“It was a horrible experience,” he said. “Could it have been avoided? I think so. But hindsight is 20-20. If hackers really want to get in, they will, but I’m not going to help them.” ■
From Russia without love: Ransomware is a global phenomenon
“While initially popular in Russia, the use of ransomware scams has grown internationally,” says Wayne Croswell, CEO and president of WECnology LLC and a frequent contributor to Modern Tire Dealer. “In June 2013, security software vendor McAfee released data showing that it had collected over 250,000 unique samples of ransomware in the first quarter of 2013, more than double the number it had obtained in the first quarter of 2012.
“Wide-ranging attacks involving encryption-based ransomware began to increase through Trojans such as CryptoLocker, which had procured an estimated $3 million before it was taken down by authorities, and CryptoWall, which was estimated by the U.S. Federal Bureau of Investigation to have accrued over $18 million by June 2015.”
Can the cloud protect you? Not completely, says WECnology CEO
Discount Tire, the largest independent tire dealer chain in North America, recently announced a multi-year, multi-million dollar cloud-based service agreement with OneView Commerce plc.
“We found that the overall savings in time and cost make cloud-based delivery of a digital store platform the most efficient and economical arrangement for achieving the operational return and improved customer experience that is at the heart of our strategy,” said Tom Williams, senior vice president for Reinalt-Thomas Corp., which does business under the trade name Discount Tire in most of the U.S., America’s Tire in parts of California, and as Discount Tire Direct online.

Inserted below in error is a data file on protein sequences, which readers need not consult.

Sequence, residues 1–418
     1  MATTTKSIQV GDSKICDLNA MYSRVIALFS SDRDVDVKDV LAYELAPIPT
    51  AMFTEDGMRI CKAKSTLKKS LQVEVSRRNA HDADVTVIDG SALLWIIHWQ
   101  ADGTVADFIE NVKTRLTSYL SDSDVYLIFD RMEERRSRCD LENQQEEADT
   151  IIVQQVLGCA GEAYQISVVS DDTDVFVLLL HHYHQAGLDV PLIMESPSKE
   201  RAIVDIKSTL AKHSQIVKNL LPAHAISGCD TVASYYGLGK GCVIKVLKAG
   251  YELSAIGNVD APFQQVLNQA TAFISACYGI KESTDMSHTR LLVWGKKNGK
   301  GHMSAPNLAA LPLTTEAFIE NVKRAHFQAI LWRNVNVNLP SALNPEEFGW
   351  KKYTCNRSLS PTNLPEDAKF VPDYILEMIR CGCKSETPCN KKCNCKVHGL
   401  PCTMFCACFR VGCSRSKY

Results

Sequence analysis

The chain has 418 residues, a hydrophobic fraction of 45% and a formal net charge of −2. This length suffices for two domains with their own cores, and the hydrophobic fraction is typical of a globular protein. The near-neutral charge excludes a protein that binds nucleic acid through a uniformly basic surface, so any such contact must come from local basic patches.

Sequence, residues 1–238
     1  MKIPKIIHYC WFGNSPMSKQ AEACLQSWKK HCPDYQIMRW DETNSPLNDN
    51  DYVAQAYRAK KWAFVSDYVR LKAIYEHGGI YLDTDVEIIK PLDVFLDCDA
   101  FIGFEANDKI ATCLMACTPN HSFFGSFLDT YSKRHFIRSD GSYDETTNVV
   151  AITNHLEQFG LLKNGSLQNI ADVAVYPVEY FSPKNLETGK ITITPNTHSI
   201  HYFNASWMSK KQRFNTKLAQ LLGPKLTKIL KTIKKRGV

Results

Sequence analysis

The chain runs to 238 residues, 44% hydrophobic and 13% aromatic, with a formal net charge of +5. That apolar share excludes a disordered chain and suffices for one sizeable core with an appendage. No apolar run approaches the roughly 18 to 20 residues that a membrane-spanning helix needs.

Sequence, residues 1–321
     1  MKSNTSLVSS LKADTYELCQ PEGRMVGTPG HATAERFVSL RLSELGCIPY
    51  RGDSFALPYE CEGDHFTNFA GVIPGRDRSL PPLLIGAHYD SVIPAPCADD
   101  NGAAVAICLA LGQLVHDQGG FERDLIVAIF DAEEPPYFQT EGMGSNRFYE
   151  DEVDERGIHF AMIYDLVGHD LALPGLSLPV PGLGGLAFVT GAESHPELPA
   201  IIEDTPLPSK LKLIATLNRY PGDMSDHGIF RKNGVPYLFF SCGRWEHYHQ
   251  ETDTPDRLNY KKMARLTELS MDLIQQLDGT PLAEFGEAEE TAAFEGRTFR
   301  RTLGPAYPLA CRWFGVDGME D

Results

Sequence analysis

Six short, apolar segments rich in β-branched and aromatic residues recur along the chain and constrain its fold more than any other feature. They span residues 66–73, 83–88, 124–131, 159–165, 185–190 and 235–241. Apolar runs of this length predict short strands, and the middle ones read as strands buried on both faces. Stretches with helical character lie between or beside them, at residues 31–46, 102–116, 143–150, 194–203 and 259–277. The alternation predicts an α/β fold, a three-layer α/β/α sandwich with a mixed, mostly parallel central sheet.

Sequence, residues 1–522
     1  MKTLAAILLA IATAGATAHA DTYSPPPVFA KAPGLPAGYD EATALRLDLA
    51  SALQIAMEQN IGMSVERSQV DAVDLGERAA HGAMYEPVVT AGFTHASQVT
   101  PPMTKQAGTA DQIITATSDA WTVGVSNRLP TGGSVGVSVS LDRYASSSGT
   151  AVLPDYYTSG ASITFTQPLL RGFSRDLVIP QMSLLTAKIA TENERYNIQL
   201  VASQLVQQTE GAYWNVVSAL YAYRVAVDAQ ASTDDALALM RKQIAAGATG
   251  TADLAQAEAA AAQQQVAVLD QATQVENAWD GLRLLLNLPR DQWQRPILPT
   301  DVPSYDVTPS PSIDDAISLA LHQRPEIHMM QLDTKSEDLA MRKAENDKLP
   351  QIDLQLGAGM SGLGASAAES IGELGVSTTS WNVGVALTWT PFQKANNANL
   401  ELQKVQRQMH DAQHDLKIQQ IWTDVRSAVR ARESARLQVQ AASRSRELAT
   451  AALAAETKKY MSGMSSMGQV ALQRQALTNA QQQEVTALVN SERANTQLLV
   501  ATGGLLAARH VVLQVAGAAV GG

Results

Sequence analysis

But does a cloud-based system protect the company against ransomware? Not completely, says Wayne Croswell, CEO and president of WECnology LLC.
“Having a cloud solution doesn’t eliminate ransomware from happening,” he says. “But when you host your application with a trusted secure company, they have the highest level of protection software which can help prevent hacks from getting in.
“But you still have computers at the desks of employees and counters, and if someone there gets a ransomware attack, it could infect the cloud instead of their in-house network.”
Another online seller has launched a tire installation network in the U.S. — eBay Motors.